Monday, May 14, 2007

The Duke Box



[Duke Ellington at the Hurricane Club, 1943. Photograph by Gordon Parks. Farm Security Administration/Office of War Information Collection, Prints and Photographs Division.]

The Duke Box: Duke Ellington in the Forties
(8 CDs, Storyville Records, 2006)

The Duke Box collects more than eight hours of live recordings of the Ellington band, 1940-49. At least some of the music has been issued before (I have about half the contents on LPs), but it's a pleasure to find it all here, under one roof in a sturdy new house.

In the 1940s, recorded music was still bound by the confines of the 78 rpm disc. So the first thing to note about The Duke Box is the simple excitement of hearing the Ellington band stretch out in performances that range well beyond three-minute mark: a six-minute-long "Black and Tan Fantasy," an almost seven-minute-long "Across the Track Blues," an eight-minute-plus arrangement of "Take the A Train." Extended Ellington performances -- "Creole Rhapsody," "Hot and Bothered," "Reminiscing in Tempo" -- were already available on disk, of course, but they were recordings in parts, split up across the sides of one or more 78s.

The second thing to note about these recordings might be the variety of their circumstances: radio broadcasts from nightclubs in Boston (the Southland Café), New York (the Hurricane, the New Zanzibar) and Los Angeles (the Hollywood Empire); studio performances for broadcast to British audiences and American military personnel; concert recordings from New York (Carnegie Hall), Washington, D.C. (the Howard Theatre), and military bases in Maryland and Virginia; and a private recording from a ballroom in Fargo, North Dakota.

The name Fargo has magical properties for an Ellington fan -- on November 7, 1940, this northern city's Crystal Ballroom was the site of a spectacular Ellington performance that happened to be recorded by two young fans, Dick Burris and Jack Towers. The 2.5 hours of music captured in Fargo are stuff of legend, music by one of Ellington's greatest bands, the so-called Blanton-Webster band, with bassist Jimmy Blanton (who permanently changed the role of the bass as a time-keeping instrument) and tenor saxophonist Ben Webster. The Fargo recording has been available for some time now -- I bought the LPs when they were first issued by the Book-of-the-Month Club in 1978. But the newly remastered music may now be heard with greater clarity, making the contrast between this live performance and the band's 1940 studio work even more dramatic. Listening to the Fargo CDs, it's as if one's ears have just popped: everything that was murky and muted has suddenly become clear. I make this analogy as someone who in fact loves the warmth of Ellington's 1940 studio recordings. But the sound of the band in Fargo is extraordinary, with an energy and excitement that the studio recordings simply do not convey. The final full-length tune from Fargo, an all-out "St. Louis Blues," stands as one of the most exciting moments in all of Ellington's music: Barney Bigard's clarinet solo, Ivie Anderson's vocal (including a call-and-response chorus with the band), Webster's tenor, Joe "Tricky Sam" Nanton's trombone (quoting "Whistle While You Work"!), and an ensemble ending that dips into "Black and Tan Fantasy" and "Rhapsody in Blue."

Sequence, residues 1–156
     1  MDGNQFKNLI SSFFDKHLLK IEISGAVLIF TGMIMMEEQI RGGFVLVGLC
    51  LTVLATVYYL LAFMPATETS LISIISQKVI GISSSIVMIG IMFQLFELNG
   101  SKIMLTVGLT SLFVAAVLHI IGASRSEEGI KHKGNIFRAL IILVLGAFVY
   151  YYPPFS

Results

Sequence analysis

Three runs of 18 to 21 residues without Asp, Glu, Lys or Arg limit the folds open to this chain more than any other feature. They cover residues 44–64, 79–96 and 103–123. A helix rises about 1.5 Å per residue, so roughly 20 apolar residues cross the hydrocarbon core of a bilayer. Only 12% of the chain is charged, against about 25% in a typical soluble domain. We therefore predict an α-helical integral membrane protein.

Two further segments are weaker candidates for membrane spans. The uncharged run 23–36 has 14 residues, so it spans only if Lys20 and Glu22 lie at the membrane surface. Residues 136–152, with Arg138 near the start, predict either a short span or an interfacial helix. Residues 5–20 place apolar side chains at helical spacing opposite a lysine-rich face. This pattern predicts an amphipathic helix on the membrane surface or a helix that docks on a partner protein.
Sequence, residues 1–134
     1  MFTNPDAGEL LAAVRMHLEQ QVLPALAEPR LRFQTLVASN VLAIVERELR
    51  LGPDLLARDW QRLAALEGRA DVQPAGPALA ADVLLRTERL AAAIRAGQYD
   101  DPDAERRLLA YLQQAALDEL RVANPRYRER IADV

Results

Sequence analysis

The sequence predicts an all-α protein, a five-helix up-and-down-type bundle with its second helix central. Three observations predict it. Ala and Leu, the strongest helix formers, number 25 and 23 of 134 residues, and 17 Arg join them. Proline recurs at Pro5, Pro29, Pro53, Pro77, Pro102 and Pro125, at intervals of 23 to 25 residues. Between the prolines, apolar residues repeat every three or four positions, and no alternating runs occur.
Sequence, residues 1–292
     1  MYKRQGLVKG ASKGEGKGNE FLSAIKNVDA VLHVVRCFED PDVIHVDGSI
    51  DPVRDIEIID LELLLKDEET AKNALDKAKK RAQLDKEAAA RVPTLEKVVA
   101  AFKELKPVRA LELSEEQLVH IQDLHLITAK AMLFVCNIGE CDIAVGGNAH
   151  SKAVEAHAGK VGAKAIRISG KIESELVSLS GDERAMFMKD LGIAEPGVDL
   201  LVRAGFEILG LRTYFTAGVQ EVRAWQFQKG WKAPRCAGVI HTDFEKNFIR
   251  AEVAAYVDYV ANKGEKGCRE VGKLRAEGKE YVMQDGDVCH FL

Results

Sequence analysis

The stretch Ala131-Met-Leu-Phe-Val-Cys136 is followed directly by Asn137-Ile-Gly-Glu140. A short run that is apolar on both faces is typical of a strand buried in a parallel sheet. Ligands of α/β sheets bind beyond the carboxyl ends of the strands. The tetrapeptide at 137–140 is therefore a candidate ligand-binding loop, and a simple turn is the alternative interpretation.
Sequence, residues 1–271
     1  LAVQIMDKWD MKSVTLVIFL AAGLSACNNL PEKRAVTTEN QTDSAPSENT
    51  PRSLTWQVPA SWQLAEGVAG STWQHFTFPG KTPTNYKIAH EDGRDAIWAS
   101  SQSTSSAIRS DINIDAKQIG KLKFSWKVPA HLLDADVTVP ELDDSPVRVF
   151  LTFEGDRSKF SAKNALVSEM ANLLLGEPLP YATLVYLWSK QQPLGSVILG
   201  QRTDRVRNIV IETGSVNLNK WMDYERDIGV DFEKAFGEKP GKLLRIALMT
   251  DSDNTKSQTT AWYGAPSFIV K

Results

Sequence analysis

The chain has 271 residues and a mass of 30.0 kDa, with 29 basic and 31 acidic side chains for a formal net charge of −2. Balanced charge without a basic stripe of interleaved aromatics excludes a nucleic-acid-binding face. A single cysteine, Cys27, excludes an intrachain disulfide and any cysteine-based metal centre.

Nothing else here is quite as astonishing as Fargo, but every disc has many great moments and sound that is always at least adequate, and sometimes excellent. Among the highlights: a deft "Tootin' through the Roof" with Rex Stewart and Cootie Williams, Harry Carney's swampy bass clarinet and Betty Roche's cool vocal on "I Don't Know What Kind of Blues I Got," Johnny Hodges' alto on "Laura," Harold Baker's trumpet on "Star Dust," and Joe Nanton's solo on the Carnegie Hall "Black and Tan Fantasy." Nanton contributed a distinctive solo to the first recordings of "Black and Tan" in 1927, a solo which had long since become an integral element of the piece. Stepping forward to make his statement in 1943, he does not simply reproduce the now-familiar solo, as Ellingtonians so often did. Instead, he seems to be intent on producing the greatest solo of his life.

The only performances in The Duke Box that leave me less than sent are some of those from a 1949 radio broadcast. Here the Ellington band seems to have stepped into The Future, The World of Tomorrow, where everything is louder, faster, and dripping with chrome (or, more accurately, brass). One number is performed, as the announcer puts it, "1949-style." "With fins," I'd say, though cars didn't yet have them. Even here though the beauty of Ellington's music shines through (despite the chrome), as with "Just A-Sittin' and A-Rockin'" and "Cotton Tail."

It's increasingly difficult to get a good sampling of Duke Ellington's music from any source other than a "collector's" label. The Duke Box offers a great sampling of Ellingtonia, for $9 a disc via Amazon. Thank you, Storyville!

The Duke Box (Amazon.com)
Storyville Records
The Duke Was Here (The story of the Fargo recording, from NDSU Magazine)

A related post
Ellington for beginners (What to listen to first)

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